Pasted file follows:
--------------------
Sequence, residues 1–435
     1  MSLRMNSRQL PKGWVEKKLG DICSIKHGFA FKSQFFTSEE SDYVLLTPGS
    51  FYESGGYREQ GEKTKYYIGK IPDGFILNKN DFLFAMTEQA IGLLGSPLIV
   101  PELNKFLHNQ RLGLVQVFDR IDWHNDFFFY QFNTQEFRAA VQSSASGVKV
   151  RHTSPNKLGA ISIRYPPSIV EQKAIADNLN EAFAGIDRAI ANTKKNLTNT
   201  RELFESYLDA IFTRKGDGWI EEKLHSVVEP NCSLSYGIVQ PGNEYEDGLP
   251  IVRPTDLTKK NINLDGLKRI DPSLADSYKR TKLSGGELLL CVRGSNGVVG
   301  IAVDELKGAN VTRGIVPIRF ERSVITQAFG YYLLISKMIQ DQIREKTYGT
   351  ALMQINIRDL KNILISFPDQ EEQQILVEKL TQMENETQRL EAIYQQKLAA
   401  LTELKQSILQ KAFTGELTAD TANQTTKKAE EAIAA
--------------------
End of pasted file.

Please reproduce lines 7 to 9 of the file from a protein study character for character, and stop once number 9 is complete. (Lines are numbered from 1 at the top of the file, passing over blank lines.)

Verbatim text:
   251  IVRPTDLTKK NINLDGLKRI DPSLADSYKR TKLSGGELLL CVRGSNGVVG
   301  IAVDELKGAN VTRGIVPIRF ERSVITQAFG YYLLISKMIQ DQIREKTYGT
   351  ALMQINIRDL KNILISFPDQ EEQQILVEKL TQMENETQRL EAIYQQKLAA